The theoretical mechanism that chronic exercise promotes a reduction in body fat is by increasing total daily energy expenditure without a corresponding increase in energy intake [78]. Exercise alone results in favorable but modest reduction on body weight and body fat distribution [79]. This exercise-induced weight reduction is achieved by long-term aerobic exercises or physical activity of sufficient intensity, duration, and frequency. However, when the energy intake is held constant, exercise alone can achieve significant weight losses [78]. This was shown in at least one study where the investigators achieved 7.6 lbs of weight over a period of three months when an energy deficit of 700 Kcal per day was achieved by exercise only and energy intake was held constant to pre-exercise levels [80].

The effectiveness of exercise to induce weight loss is directly related to the total number of kcal expanded [81]. In this regard, the duration of exercise becomes important. In a recent 18-month exercise study, overweight women exercising more than 200 minutes per week realized a significantly greater weight reduction (−13.1 kg) than those exercising 150 to 200 minutes/week (−8.5 kg) or less than 150 min/week (3.5 kg). This suggests a dose-response relationship between amount of exercise and long-term weight loss and that a minimum of 150 minutes of exercise per week may be necessary for enhanced weight loss [82].

Although the exercise-induced losses in body weight may be viewed as relatively small and disappointing by some, it is worth pointing out that weight loss must be viewed as a long-term process. Excess weight accumulation did not occur over night and expectations that it will shed quickly are not realistic. In this regard, long-term exercise-induced weight loss is promising. In an 8-week-diet or diet-plus-exercise program consisting of 35–60 minutes of aerobic activity 3 days per week, weight losses were similar in both groups. However, those who did not exercise during the 18-month follow-up period gained about 60% of the weight back in 6 months and 92% of the weight back at 18 months. For those who continued to exercise during the 18-month follow-up period, body weight did not change significantly [83]. Finally, increased physical activity combined with a prudent diet and behavior modification is likely to be a more effective a way to maximize weight loss [84, 85]. Furthermore, the exercise program should focus on long duration and low intensity, tailored for expending calories rather than improving fitness [84].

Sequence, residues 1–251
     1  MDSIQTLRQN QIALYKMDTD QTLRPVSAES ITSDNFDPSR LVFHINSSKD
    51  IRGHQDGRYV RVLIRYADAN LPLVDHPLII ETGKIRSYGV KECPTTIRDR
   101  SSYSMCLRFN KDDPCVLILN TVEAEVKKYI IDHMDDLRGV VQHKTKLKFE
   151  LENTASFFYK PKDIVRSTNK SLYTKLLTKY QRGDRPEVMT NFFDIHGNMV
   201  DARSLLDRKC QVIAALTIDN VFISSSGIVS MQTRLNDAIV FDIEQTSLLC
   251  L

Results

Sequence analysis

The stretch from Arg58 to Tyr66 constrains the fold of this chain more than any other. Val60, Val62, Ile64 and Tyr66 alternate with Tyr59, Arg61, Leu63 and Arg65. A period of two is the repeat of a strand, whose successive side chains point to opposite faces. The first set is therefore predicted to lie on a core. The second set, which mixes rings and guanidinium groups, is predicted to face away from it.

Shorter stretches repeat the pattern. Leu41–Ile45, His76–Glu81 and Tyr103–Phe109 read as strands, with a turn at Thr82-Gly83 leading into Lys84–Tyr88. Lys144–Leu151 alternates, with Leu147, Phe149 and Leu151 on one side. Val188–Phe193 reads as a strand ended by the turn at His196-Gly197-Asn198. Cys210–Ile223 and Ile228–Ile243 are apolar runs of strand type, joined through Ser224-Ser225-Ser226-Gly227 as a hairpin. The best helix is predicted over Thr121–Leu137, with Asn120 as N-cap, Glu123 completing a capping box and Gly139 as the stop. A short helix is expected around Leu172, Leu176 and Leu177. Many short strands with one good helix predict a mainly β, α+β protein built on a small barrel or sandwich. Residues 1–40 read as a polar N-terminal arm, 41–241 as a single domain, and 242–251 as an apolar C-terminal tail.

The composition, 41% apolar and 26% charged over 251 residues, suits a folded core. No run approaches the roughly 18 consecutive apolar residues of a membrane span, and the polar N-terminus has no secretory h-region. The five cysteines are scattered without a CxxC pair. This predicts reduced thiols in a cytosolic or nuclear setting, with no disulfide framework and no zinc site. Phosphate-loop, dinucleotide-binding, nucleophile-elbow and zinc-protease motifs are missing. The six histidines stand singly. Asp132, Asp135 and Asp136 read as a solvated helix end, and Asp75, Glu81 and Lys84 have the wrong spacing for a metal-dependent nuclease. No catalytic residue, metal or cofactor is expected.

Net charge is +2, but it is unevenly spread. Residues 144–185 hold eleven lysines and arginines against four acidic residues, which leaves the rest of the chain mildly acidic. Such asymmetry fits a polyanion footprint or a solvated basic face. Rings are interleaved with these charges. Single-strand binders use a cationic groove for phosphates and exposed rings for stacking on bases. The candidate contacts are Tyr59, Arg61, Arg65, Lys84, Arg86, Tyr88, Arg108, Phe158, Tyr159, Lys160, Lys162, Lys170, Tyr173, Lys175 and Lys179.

Despite the small changes in weight reduction associated with physical activity, a number of studies provide convincing evidence that reduction in mortality risk is evident and inversely related to exercise capacity regardless of BMI levels [8689]. Furthermore, in a number of these studies, fitness emerged as a more powerful predictor of mortality than BMI [8688] independent of overall and abdominal obesity [87] and of comparable importance with that of diabetes mellitus and other cardiovascular risk factors [88].

15. Dietary Approaches to Lower Risk